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Digital Cameras Don't Tell the Whole Story

July 16, 2002

"Filming Without the Film" (July 11), describing industry reaction to the emerging presence of digital and high-definition motion picture cameras, painted an unnecessarily apocalyptic portrait of life with this new technology. As a filmmaker who has worked in both mediums (film and digital video), I can tell you that regardless of what box is sitting on top of the tripod, a director must still arrive on set and figure out where to put that box, what to point it at, what lens to attach to it, how to light the scene and what to do with the actors. Fundamental storytelling techniques have nothing to do with the image-capture device being used.

What the article does not investigate is whether the traditional "shoot and pray" process doesn't actually require a more muscular, more nimble and more disciplined imagination. Could it be that the instant gratification proselytized for by digital and high-def evangelists actually results in less accomplished storytelling?

David Dodson

La Canada


The big issue your article does not address is the conversion of movie theaters to digital projection. The studios would love to save the millions of dollars spent on making and shipping thousands of bulky film prints at the last minute to theaters across the country. Making and shipping disks or sending a film via satellite transmission to the theaters would be much cheaper and faster. But who will pay for the theaters' digital conversion, which currently runs about $100,000 per screen? Probably not the theater chains, which are nearly bankrupt from the last decade's multiplex-building mania. Will the studios be willing to foot the bill?

The article also mentions that directors and camera operators are worried about making the transition from film to digital. What about the film editors, negative cutters, lab employees and other below-the-line workers who actually work with film? While no studio heads would dare to ask Oliver Stone or cinematographer Roger Deakins if they are qualified to work in digital cinema, they are already laying off post-production personnel whose experience is primarily in film.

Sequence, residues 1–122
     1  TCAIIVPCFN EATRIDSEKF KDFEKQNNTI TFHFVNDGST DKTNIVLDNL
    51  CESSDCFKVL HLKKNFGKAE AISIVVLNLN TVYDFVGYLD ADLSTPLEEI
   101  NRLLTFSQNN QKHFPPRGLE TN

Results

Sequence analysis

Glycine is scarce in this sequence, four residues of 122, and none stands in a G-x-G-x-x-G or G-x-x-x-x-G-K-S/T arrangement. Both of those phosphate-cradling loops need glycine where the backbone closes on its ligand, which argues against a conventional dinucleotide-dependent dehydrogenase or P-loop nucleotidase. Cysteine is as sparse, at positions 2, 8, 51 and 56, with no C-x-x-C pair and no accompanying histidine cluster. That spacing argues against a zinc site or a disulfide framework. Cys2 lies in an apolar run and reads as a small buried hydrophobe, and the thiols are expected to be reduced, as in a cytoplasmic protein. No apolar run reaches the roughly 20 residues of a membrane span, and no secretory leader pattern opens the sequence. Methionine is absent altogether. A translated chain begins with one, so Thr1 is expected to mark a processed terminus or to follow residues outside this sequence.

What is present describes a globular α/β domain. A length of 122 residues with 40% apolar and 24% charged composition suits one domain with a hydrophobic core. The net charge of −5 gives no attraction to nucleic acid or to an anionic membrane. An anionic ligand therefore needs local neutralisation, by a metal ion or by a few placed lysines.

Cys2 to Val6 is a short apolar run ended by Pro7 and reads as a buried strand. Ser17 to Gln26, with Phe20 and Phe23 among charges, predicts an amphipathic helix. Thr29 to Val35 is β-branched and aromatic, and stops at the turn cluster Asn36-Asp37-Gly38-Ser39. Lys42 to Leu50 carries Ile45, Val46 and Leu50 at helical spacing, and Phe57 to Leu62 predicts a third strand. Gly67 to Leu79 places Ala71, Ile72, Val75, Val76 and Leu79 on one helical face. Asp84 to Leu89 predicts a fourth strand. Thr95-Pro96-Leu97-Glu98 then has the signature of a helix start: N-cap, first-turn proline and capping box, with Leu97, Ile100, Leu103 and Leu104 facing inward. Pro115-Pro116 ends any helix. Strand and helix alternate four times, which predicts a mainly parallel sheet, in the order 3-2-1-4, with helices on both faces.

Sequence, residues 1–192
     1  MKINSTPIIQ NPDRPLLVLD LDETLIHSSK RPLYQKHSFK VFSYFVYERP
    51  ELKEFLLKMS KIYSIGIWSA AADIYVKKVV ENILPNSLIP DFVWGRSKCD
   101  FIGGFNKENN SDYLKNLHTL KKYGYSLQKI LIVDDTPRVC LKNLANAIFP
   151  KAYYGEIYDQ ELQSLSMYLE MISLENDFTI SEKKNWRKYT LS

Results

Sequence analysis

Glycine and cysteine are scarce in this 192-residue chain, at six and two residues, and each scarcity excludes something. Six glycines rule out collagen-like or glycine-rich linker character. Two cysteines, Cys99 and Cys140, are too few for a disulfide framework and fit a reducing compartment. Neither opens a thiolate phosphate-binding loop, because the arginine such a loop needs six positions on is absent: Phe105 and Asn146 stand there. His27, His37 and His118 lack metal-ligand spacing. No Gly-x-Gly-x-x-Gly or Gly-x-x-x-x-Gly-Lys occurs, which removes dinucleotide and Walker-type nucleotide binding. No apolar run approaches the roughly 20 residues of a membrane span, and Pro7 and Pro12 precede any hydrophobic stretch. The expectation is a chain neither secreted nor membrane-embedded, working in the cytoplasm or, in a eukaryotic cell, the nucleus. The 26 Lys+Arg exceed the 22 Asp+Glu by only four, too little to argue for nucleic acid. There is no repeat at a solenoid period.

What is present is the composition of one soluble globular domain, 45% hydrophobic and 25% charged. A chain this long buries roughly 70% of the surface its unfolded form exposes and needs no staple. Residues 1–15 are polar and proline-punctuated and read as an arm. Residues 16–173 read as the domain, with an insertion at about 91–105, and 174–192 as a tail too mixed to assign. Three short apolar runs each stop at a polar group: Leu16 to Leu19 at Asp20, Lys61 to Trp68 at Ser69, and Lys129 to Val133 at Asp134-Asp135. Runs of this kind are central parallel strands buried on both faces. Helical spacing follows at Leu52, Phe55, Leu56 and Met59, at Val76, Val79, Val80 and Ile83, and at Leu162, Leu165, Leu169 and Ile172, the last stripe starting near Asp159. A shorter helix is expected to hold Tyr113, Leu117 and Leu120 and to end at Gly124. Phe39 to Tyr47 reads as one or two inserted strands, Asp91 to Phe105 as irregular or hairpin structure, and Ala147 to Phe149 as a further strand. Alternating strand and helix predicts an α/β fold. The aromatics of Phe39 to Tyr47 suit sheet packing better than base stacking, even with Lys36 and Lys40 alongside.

J.W. Kompare

North Hollywood


The choice of acquisition formats for movies is not an either/or situation. Film, high-definition and digital video are all part of a palette of tools now available to filmmakers. They can be used individually or combined to create the images that best tell the story. One does not herald the death of another. Oil paints endured as new paint media were developed. Paintings continue to be created even though we have had photographs for quite a while now.

What happens to movies acquired on HD as we know it today with the emergence of tomorrow's digital technologies? Indeed, 35mm film continues to have resolution superior to any digital format. A film from 50 years ago can be restored and shown in all its beauty. I have yet to see similar results from productions shot on video 10 years ago.

Karen Edmundson Bean

Director of Photography

International Alliance of

Theatrical Stage Employees Local 600, Topanga

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